A) An observed change in signal frequency caused by relative motion between the satellite and the earth station
The Doppler shift, named after the Austrian mathematician and physicist Christian Doppler, who proposed it in 1842, is the change in frequency for an observer moving relative to its source. With respect to sound waves, it is commonly heard when a vehicle sounding a siren or horn approaches (rising pitch), passes (neutral), and recedes (falling pitch) from an observer. A fast moving train blasting its horn while passing a stationary observer at a crossing is one of the more dramatic examples.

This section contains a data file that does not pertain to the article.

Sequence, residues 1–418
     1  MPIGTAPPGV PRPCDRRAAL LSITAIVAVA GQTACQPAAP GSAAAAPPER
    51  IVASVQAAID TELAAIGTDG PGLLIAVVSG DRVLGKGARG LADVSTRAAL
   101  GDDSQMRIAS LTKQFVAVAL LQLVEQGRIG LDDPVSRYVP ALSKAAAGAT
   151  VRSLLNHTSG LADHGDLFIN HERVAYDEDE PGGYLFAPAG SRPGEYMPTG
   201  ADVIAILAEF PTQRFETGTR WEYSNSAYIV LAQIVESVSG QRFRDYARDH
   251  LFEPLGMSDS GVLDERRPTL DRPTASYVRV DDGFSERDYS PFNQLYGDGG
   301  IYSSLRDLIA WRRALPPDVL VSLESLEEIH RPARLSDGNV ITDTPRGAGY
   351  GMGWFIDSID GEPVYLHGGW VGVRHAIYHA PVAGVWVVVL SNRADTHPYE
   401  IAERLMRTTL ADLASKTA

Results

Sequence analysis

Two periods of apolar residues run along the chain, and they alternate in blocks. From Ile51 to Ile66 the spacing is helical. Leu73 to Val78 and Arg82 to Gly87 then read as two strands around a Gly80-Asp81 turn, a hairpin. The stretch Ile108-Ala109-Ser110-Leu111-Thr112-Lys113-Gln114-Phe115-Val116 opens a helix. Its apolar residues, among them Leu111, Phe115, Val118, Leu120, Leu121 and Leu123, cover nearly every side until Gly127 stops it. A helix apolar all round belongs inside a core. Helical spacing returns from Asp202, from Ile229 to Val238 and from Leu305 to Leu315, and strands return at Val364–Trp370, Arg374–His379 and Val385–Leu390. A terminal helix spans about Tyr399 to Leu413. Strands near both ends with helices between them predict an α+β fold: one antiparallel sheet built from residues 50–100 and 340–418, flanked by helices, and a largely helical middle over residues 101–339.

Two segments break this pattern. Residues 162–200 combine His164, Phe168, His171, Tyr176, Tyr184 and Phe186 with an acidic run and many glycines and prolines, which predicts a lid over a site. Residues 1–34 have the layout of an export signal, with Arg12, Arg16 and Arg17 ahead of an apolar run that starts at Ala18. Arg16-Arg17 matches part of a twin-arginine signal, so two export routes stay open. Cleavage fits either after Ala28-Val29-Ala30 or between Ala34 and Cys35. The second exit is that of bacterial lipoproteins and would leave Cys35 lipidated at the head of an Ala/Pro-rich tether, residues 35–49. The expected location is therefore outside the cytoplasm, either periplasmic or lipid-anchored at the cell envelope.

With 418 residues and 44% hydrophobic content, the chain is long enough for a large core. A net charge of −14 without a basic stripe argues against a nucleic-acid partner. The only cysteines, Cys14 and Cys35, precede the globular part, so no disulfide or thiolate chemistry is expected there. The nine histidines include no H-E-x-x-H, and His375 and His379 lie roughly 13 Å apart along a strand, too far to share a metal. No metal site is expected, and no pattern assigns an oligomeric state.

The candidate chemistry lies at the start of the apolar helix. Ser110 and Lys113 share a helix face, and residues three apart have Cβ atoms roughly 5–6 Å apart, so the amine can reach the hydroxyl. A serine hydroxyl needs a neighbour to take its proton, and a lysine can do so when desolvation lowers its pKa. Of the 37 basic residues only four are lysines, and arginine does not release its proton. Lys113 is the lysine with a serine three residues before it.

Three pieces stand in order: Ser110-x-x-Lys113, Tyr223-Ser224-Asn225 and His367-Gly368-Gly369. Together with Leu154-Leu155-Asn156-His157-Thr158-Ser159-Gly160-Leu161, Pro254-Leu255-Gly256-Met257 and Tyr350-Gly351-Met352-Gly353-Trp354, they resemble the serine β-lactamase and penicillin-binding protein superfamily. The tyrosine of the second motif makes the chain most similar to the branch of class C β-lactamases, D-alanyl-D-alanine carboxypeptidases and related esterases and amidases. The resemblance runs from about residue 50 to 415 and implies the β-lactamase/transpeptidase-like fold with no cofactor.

Doppler shift also occurs in radio communications with satellites. When this happens the receives signal frequency appears to change (though the transmitted frequency remains constant). The change is due to the satellite's high speed of motion relative to the ground station.